GM could be set to bring Cadillac back to Australia and New Zealand via the recently established General Motors Special Vehicles sub-brand, according to a report from local publication Drive.com.au. And while GM has unsuccessfully attempted to revive the Cadillac brand in the region two separate times over the past two decades, management sees Cadillac’s shift to an all-electric vehicle portfolio as a prime opportunity to re-enter the market.
Senior executives from GM recently told Australian media the automaker is considering bringing battery-electric Cadillac models to Australia and New Zealand. As EVs have a shorter lead time on development, the automaker believes it could quickly react to any region-specific shortcomings future Cadillac EVs may exhibit, allowing it to tailor these products to the needs of the local consumer.
“The development time with an electric vehicle platform is less than half what the development time was with (a petrol) vehicle,” Shilpan Amin, Senior Vice President and President of GM International, told Drive.com.au. “That means we can learn of a customer insight or pain point, and we can then design, develop and bring that solution to market much quicker.”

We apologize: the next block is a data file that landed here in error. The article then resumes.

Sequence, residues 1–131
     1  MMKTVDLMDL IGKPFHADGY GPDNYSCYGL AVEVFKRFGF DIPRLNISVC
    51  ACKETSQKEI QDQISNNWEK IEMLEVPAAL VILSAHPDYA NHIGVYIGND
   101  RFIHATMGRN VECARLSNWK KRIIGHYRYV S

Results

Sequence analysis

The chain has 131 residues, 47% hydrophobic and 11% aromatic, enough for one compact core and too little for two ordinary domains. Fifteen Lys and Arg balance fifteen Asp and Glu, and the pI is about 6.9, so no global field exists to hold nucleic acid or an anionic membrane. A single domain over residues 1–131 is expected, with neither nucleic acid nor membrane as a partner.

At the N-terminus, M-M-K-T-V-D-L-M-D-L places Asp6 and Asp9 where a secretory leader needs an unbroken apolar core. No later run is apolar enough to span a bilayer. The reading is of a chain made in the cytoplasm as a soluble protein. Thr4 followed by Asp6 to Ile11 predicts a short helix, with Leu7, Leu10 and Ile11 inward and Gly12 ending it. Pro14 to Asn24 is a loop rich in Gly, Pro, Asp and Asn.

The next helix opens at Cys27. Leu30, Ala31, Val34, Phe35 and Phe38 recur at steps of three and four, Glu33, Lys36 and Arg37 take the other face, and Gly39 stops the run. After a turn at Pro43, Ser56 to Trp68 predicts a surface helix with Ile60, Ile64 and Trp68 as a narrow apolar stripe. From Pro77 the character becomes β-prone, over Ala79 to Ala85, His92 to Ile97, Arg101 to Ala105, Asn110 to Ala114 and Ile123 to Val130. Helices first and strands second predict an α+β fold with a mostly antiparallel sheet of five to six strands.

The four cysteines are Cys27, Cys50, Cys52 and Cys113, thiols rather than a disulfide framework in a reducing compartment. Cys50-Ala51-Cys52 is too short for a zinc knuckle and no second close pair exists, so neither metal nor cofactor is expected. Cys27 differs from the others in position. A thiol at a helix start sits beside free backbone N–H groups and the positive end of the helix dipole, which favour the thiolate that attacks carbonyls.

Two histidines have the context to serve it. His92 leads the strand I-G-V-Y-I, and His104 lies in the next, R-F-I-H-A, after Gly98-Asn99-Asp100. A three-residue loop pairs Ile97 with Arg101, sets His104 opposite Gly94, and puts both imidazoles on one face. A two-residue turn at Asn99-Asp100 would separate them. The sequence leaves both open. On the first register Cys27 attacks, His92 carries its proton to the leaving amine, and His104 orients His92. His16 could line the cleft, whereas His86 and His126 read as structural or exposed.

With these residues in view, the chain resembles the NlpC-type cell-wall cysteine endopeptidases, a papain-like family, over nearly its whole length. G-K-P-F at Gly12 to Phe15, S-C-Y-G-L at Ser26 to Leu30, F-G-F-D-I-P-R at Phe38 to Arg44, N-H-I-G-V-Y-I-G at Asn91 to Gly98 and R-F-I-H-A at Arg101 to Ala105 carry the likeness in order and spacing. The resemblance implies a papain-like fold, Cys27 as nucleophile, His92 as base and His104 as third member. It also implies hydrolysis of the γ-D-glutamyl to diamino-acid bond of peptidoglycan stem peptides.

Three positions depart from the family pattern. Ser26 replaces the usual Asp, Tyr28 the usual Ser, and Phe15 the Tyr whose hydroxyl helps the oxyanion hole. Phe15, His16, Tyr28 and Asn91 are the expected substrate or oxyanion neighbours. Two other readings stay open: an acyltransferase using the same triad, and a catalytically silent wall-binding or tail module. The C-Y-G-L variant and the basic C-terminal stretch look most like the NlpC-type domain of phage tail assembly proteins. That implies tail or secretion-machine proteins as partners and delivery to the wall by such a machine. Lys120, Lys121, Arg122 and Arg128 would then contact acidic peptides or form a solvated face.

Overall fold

The Cadillac Lyriq seems like an obvious choice for Australia and New Zealand, as midsize crossover models such as this are equally as popular in those markets as they are in North America. Specialized models like the Cadillac Celestiq may also be well-suited for import, as the entire business model of the GMSV brand is to bring noteworthy GM products from its American portfolio to Australia and New Zealand. Pricier vehicles like the Celestiq also have stronger profit margins, making it easier to justify shipping the vehicles far distances for what will ultimately be relatively small sales figures.
GM executives would not say if future Cadillac EV models for Australia and New Zealand would be sold in right-hand-drive or left-hand-drive formats. It’s slightly less expensive to offer EVs in both formats, Armin explained, as they do not have an engine in the front of the vehicle to complicate the engineering process.
“The conversion between left-hand-drive and right-hand-drive becomes something we have to design and develop up front, but it’s much more simple than having an engine in front of you,” Armin said.